Sharin’ the love….
image from City CarShare’s website
I was pleased to see the Chron’s overview article citing the growing acceptance of car-sharing programs in SF – I’ve been a member of City CarShare for going on two years, more than one year of which I still owned my trusty Mazda sedan, which I just sold last May.
During the year that I owned AND shared, people often asked me why I did both.
I’m an admittedly over-analytical person, and I wanted to test the system against my private vehicle use to really see if it would work with my lifestyle. For several months, I randomly reserved and utilized the CCS vehicles, testing to see whether they were readily available, convienent to use at various locations, and the “true” cost – after all, the hourly fee + miles breakdown doesn’t become “real” until you start applying it. For several MORE months, I utilized the CCS vehicles exclusively – while still doing the street-cleaning shuffle of my own vehicle – to finally be assured that I *could* make car sharing a viable system for me. And then, I sold my car without hesitation, and haven’t looked back.
Now, I’m not saying that car sharing is a perfect system – it requires more diligent planning and implementation of time-limits to some activities that I’d rather leave open-ended – but as a whole, it has definately improved my city-dwelling quality of life. I no longer have heart-failure when I wake up mornings, wondering where I’d left my car parked last, and was it a Monday or Tuesday cleaning street? I’d had my car broken into twice in the 5 years I’ve lived in the city proper, and both times it had cost me plenty, both monetarily and in the raging emotional tirade that followed. Giving up the car gave me back a lot of peace of mind.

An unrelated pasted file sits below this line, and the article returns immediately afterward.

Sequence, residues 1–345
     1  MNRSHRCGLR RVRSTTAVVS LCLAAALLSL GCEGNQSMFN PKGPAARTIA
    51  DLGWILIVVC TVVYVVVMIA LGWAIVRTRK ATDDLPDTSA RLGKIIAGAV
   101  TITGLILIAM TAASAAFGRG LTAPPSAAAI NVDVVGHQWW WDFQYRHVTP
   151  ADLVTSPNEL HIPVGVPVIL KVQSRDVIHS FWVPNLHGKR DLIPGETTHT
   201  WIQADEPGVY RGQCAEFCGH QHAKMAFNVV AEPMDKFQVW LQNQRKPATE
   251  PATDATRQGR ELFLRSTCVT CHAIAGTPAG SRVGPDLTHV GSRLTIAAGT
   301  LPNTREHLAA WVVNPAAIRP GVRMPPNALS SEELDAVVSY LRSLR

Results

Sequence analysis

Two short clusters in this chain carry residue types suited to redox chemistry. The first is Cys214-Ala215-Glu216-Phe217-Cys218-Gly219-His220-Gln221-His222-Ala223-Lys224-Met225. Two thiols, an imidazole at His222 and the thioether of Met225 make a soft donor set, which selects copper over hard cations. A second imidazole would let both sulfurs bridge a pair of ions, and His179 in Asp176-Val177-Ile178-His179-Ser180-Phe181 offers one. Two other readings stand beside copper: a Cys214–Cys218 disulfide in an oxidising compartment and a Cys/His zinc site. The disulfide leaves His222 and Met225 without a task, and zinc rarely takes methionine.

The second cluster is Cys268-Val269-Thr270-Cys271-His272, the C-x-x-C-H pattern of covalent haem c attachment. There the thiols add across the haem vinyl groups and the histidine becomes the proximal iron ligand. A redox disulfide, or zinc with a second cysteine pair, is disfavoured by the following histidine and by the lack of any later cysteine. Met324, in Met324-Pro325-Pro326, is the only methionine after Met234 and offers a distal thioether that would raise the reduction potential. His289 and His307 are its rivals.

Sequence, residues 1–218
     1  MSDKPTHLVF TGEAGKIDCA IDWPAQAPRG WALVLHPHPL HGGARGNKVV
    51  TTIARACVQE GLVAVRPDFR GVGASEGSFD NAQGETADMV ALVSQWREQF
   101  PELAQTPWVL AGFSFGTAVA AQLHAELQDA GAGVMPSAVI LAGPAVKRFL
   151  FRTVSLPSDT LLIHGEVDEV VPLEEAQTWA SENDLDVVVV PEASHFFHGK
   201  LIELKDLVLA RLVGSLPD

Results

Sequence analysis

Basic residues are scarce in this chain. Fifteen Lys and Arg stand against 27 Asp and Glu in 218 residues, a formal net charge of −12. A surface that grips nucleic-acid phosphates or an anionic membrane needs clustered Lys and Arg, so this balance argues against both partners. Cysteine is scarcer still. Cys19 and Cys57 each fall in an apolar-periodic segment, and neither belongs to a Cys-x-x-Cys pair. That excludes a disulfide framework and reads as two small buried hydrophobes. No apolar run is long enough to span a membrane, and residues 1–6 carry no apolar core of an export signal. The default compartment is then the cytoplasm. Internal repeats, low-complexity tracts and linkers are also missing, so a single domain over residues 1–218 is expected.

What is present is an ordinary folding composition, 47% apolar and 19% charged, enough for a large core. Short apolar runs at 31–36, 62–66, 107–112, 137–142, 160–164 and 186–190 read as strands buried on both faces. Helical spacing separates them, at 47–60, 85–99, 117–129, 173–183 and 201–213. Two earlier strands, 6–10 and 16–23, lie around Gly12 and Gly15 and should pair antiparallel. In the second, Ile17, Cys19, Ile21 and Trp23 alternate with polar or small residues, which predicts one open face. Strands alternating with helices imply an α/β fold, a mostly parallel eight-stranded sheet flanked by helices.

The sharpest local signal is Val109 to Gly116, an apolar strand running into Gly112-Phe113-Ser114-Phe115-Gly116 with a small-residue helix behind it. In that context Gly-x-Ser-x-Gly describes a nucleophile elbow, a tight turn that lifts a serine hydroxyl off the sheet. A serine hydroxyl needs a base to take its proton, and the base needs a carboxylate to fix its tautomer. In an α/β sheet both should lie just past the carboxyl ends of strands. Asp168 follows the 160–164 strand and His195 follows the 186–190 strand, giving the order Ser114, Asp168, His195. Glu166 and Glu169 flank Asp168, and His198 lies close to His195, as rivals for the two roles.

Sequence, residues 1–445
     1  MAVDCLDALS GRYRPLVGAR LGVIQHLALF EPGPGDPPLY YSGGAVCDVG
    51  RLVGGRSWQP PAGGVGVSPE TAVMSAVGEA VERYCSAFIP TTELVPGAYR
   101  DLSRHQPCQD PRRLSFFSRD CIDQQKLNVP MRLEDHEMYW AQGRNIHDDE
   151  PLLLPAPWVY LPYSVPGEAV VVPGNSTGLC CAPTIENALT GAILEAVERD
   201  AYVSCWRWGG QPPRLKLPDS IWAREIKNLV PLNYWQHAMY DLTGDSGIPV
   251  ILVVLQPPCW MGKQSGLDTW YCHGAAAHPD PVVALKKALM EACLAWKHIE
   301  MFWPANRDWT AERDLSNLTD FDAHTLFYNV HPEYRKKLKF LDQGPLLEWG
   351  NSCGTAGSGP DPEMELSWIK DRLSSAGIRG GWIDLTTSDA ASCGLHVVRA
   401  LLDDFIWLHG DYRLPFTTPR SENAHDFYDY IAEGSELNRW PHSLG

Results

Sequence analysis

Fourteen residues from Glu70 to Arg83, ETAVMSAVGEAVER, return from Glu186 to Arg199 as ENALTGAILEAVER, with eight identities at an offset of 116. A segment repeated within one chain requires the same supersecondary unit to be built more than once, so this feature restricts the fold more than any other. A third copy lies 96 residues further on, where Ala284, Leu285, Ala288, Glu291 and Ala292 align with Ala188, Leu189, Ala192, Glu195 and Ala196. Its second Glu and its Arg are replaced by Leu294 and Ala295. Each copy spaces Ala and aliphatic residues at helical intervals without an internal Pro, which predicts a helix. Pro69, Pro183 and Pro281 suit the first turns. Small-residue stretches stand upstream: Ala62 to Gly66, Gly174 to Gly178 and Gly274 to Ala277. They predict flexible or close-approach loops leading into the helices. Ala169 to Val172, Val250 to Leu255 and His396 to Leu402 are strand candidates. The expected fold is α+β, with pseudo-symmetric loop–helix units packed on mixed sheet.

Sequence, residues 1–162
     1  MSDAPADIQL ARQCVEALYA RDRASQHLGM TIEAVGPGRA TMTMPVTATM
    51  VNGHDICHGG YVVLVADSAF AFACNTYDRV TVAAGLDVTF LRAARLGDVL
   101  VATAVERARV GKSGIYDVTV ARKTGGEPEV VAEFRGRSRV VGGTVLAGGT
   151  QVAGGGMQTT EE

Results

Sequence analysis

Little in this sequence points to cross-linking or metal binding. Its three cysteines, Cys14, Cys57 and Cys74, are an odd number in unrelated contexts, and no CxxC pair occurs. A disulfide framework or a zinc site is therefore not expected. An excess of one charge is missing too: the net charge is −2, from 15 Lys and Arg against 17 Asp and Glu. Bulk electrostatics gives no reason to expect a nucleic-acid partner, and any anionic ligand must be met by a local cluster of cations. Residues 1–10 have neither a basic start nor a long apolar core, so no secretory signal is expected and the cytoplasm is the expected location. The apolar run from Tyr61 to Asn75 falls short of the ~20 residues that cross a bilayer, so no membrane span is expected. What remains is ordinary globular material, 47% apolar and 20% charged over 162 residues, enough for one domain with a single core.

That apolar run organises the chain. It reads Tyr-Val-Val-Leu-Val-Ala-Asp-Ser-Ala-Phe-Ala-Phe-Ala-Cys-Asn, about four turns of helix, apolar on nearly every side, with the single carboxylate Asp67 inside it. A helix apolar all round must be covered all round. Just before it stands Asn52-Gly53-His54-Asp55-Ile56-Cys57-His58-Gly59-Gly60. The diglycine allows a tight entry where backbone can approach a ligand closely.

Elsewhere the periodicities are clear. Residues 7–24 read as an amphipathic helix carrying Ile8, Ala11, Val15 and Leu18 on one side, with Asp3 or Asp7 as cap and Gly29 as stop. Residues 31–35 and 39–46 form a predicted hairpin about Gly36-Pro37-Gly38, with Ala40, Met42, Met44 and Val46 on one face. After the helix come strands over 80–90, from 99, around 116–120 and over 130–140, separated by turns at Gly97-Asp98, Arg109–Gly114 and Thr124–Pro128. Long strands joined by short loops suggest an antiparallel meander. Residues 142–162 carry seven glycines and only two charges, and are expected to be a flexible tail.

Granted, my current lifestyle affords me to make such a decision. My daily commute is from Lower Pac Hts to SoMa, which is ambitiously walkable, and serviced by several forms of public transit. There are several car-sharing lots available within blocks of my office, for the times I need to visit clients or travel to job sites. My boyfriend lives along a BART route, and my land-locked neighborhood fringes on several adjacent ‘hoods that quench my thirst for a full range of city scenes. For weekend camping trips, we take his car, which has all-wheel-drive.
And I DO use my membership regularly. On average 2-3 times each week. And to date, my monthly bill has yet to top what my monthly insurance rate was on my privately owned car, whether I used it or not. I use the Toyota Prius’ as often as I can, for obvious reasons. I’ve utilized CCS’s truck to help a friend transport a large potted palm. I fit 4 dining chairs into the ScionXB to supplement my boyfriend’s dining set for Thanksgiving. I take out the ScionXA when I know I’m heading to areas where parking between garage doors is all there is to be had. I whizzed visitors around town in the CooperMini (convertable!) and had a blast. NOT owning a vehicle has afforded me the ability to access the kinds of vehicles I need for the various kinds of activites that I do – and that beats the heck out of dealing with an SUV year-round for it’s “perfect” application just twice a year.
I’m a CCS member, but am seriously considering joining FlexCar as well – they have cars in Portland, where I visit often enough that having access to vehicles there makes a lot of sense. I’d be happy to sign up for ZipCar’s ‘occasional use only’ plan, which doesn’t charge a monthly rate, but offers a better rate when logging many miles than CCS’s plan. I can see myself being a supporter (financially as well as philosophically) of all three outfits.
Because it makes sense. Financially and philosophically.